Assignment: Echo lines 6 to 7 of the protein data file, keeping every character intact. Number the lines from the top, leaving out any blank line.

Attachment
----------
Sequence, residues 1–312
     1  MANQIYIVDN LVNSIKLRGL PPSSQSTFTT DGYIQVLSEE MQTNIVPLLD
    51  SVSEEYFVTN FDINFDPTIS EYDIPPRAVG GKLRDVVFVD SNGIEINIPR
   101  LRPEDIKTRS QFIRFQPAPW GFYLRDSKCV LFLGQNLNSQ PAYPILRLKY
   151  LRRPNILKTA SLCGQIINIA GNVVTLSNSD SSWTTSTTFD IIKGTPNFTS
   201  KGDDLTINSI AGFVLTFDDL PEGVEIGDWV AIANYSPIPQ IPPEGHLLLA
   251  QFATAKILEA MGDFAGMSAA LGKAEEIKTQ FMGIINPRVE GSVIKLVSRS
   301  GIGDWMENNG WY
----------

   201  KGDDLTINSI AGFVLTFDDL PEGVEIGDWV AIANYSPIPQ IPPEGHLLLA
   251  QFATAKILEA MGDFAGMSAA LGKAEEIKTQ FMGIINPRVE GSVIKLVSRS